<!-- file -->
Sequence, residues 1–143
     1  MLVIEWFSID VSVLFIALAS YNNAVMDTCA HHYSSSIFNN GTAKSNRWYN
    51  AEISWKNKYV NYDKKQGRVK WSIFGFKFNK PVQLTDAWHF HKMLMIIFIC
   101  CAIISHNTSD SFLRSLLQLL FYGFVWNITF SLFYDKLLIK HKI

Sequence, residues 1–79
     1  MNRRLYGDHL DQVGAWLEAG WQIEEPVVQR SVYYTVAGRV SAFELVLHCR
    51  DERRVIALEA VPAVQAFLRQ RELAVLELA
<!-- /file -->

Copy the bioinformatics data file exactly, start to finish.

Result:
Sequence, residues 1–143
     1  MLVIEWFSID VSVLFIALAS YNNAVMDTCA HHYSSSIFNN GTAKSNRWYN
    51  AEISWKNKYV NYDKKQGRVK WSIFGFKFNK PVQLTDAWHF HKMLMIIFIC
   101  CAIISHNTSD SFLRSLLQLL FYGFVWNITF SLFYDKLLIK HKI

Sequence, residues 1–79
     1  MNRRLYGDHL DQVGAWLEAG WQIEEPVVQR SVYYTVAGRV SAFELVLHCR
    51  DERRVIALEA VPAVQAFLRQ RELAVLELA